If you intend to share parental responsibility for your kids with your ex-spouse, you may expect to have some struggles adjusting to your new arrangement. Negotiating a comprehensive parenting plan may help to set reasonable expectations. It may also be good for your kids.
When your parental time-sharing begins and ends, you must transfer physical custody of your children to your ex-spouse. Using your parenting plan to clearly define when, where and how time-sharing transfers occur may keep future conflict in check.
When do time-sharing transfers take place?
By definition, time-sharing transfers take place when parenting time begins and ends. Nevertheless, work, school, recreational activities and other commitments may dictate when your time-sharing transfers are most convenient for you, your ex-spouse and your kids.
Where do time-sharing transfers occur?
You and your ex-spouse probably have some flexibility to determine the location of your time-sharing transfers, as virtually anywhere works in theory. In practice, ideal time-sharing transfer sites have the following characteristics:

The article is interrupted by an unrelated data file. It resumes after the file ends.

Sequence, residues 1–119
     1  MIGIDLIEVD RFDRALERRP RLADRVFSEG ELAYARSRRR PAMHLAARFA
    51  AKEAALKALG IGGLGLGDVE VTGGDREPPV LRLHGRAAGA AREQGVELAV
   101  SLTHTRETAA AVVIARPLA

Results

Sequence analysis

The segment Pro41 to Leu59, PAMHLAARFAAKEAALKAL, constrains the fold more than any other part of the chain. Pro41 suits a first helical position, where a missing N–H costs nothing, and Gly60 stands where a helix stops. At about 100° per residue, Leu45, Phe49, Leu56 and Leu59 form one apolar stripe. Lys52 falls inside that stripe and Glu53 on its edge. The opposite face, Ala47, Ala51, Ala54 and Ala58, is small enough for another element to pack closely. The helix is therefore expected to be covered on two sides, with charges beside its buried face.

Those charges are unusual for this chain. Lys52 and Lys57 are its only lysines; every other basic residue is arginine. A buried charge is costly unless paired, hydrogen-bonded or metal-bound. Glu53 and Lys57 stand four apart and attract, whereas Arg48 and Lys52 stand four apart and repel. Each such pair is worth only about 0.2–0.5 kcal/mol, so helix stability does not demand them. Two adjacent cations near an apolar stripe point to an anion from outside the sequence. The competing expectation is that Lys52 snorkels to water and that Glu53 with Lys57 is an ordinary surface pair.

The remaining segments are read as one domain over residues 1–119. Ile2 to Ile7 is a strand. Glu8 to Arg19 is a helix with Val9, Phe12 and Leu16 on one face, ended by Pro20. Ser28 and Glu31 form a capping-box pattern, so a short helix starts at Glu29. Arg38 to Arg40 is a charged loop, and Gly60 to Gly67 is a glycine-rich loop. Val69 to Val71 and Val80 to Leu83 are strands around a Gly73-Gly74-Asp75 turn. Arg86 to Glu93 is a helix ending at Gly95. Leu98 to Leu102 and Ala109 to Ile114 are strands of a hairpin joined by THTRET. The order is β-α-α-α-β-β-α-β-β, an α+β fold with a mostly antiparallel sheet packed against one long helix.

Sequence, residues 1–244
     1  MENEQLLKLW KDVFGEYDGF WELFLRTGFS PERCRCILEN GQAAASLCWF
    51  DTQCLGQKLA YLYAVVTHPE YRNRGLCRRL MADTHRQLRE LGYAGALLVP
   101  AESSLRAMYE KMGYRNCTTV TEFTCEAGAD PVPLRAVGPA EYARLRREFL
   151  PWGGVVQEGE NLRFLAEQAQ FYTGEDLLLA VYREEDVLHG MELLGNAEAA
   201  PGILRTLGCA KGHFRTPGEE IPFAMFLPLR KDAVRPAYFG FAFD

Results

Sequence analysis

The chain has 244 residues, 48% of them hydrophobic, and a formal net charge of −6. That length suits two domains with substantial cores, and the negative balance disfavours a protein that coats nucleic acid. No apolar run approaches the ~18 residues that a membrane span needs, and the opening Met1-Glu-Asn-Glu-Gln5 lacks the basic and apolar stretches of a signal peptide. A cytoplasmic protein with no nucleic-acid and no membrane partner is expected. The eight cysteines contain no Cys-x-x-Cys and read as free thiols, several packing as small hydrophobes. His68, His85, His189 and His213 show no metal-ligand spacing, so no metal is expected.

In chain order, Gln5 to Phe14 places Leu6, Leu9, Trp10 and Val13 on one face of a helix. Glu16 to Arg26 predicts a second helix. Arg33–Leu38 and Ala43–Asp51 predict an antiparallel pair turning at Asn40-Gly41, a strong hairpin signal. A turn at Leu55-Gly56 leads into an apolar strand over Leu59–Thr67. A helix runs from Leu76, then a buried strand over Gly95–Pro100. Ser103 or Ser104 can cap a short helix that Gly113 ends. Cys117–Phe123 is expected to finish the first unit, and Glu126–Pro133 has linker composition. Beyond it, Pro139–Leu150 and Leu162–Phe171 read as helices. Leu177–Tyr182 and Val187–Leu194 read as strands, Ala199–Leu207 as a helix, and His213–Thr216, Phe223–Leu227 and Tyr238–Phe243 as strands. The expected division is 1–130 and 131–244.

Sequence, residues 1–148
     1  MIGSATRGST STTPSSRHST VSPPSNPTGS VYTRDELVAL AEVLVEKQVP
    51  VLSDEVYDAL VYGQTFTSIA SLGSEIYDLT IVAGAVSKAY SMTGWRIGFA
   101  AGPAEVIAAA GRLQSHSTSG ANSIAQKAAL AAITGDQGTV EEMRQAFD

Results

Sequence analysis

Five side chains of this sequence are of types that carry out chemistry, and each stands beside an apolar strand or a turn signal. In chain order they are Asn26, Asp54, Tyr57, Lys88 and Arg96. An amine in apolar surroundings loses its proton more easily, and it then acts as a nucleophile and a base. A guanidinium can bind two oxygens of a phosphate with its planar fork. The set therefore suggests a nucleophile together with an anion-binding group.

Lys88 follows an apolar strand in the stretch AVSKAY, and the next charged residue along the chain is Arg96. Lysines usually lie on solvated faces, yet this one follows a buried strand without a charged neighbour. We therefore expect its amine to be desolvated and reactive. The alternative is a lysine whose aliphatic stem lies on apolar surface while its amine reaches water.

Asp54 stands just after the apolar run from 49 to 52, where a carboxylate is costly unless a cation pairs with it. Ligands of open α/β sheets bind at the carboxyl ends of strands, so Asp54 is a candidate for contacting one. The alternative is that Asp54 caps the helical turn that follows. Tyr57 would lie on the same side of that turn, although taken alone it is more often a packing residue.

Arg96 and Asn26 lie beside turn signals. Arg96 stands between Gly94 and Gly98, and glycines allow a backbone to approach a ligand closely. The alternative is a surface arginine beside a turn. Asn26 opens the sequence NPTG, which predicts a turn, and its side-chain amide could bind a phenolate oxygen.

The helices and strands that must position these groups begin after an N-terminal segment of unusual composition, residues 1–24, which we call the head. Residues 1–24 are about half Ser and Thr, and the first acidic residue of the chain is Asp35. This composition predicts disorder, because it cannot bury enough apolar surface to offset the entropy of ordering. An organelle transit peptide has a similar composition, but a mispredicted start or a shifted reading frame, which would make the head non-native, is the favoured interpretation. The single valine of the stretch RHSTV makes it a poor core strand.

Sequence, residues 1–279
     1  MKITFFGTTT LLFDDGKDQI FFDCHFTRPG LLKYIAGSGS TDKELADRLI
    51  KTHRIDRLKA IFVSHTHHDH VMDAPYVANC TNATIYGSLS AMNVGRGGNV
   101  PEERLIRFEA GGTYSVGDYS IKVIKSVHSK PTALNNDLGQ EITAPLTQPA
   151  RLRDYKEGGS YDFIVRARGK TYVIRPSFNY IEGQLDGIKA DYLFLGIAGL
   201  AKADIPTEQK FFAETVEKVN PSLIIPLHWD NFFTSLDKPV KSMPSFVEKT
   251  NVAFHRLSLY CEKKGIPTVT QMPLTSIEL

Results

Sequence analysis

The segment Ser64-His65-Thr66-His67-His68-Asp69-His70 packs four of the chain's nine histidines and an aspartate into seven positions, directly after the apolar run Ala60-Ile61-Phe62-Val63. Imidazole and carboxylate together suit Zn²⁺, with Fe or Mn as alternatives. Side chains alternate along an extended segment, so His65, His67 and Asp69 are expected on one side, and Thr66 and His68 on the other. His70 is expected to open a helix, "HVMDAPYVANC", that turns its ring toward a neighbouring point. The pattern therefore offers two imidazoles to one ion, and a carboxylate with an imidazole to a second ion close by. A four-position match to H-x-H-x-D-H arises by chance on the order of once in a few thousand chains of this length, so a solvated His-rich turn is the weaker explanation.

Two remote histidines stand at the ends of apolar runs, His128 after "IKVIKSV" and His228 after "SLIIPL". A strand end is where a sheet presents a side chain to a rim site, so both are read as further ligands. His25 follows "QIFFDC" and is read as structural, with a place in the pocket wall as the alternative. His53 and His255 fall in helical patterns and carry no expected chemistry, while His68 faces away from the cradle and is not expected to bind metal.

Your primary time-sharing transfer spot may become impractical over time. Consequently, it may be wise to designate a primary location and a backup one or two.
How do time-sharing transfers happen?
Usually, the parent who has scheduled time with the kids prepares them for the time-sharing transfer. Preparing children for the transfer may include packing essential items, dressing the kids appropriately and feeding them a meal. Typically, each parent also has an obligation to notify the other of delays or other matters that may affect the time-sharing transfer.
Ultimately, while it may seem like a pain, the work you put into planning your time-sharing transfer may start your shared parenting arrangement on a path toward success.